Wednesday, 8 January 2014

Macedoine Jelly Revisited

A couple of glamorous victorian entremets in my kitchen

Just a quickie. I have just spent a couple of days filming with a BBC crew making a number of items of period food. Yesterday I put together a couple of nineteenth century maraschino fruit macedoine jellies to show how glamorous Victorian food could be - at least on the upper class table. I am posting a few iPhone snapshots I took in my kitchen this morning of the jellies with their fruit garnitures. I have garnished them with a couple of nice silver hatelet skewers from the 1870s, which gives them a striking sense of formality.

A neo-gothic macedoine mould and liner from Urbain Dubois, Cosmopolitan Cookery (London: 1870). I am fortunate enough to own a complete example of this two component mould, so am able to replicate these stunning Victorian entremets with a great deal of accuracy. 
Two different macedoine jellies with their moulds. To stop it moving or floating in the jelly, the inner liner is clipped to the outer mould.


If you are tempted by these dishes, why not learn how to make them yourself on my Jellies and Moulded Foods Course

5 comments:

  1. Replies
    1. Very good actually. And also they have a very light mouthfeel. Someone has commented on Facebook that jellies of this kind had to have so much gelatine in the mix that they would be rubbery and unsuitable for today's discerning diner. But they are wrong. Macedoine jellies can be made with a very light jelly, because the fruit acts as a strong, supporting armature inside.In fact. macedoine moulds are usually larger than the standard jelly moulds because they have this internal support. A lightly made jelly over five inches high will just self destruct. My three macedoine moulds are seven inches high. The recipe calls for a jelly lightly set with isinglass (col de poisson) rather than gelatine. Although in the photograph the jellies look as if they have a light blue, almost opalescent effect, In natural light they are colourless and clear. The opalescence may be caused by the isinglass. The jelly was made with Vino Verde, which is about the most colourless wine I know, although the original recipe calls for Champagne. It is flavoured with lemon juice, sugar syrup and maraschino, perhaps the signature flavour of the nineteenth century for jellies and ices. I put the hot mixture of jelly and egg white through a felt jelly bag three times. After the programme is broadcast, they may well be a video available on the web and if there is I will put a link to it.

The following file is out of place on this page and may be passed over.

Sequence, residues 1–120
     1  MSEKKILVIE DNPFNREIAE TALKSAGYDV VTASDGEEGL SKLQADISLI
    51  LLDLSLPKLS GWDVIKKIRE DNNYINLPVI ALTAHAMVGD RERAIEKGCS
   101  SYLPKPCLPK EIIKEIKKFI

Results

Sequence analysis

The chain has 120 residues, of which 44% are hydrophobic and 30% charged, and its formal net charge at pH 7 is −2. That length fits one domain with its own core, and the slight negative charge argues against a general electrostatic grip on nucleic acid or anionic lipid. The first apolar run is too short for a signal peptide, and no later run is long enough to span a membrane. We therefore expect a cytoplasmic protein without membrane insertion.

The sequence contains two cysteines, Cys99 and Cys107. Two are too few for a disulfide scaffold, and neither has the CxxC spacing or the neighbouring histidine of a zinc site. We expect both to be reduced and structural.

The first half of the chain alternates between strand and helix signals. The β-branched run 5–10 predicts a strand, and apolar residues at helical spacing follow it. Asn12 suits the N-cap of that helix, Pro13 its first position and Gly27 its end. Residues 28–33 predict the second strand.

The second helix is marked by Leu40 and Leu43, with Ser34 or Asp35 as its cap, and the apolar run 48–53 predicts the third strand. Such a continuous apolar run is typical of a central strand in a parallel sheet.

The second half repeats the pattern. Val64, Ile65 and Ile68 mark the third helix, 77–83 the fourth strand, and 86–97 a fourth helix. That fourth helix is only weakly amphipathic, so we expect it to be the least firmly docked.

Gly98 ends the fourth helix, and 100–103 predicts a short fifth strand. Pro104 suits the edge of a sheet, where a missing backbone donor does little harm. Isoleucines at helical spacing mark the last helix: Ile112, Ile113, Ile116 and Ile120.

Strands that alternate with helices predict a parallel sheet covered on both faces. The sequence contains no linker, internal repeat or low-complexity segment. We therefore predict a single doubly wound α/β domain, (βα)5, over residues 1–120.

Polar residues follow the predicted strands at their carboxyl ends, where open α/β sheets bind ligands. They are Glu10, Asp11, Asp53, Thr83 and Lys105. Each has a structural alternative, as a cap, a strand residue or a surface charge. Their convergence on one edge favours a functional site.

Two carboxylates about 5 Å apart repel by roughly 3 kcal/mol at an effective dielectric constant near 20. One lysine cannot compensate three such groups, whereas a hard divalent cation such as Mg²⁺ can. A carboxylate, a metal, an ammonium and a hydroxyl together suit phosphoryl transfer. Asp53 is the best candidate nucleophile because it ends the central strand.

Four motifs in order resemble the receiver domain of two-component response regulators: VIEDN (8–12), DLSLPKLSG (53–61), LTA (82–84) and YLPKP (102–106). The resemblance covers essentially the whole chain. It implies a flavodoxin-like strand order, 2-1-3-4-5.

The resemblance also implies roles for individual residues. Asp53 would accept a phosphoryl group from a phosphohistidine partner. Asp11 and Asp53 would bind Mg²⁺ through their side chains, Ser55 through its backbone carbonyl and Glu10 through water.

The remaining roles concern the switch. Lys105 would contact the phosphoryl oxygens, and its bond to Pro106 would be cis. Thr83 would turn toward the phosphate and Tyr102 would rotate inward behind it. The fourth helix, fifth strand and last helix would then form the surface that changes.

Cheers

      Ivan

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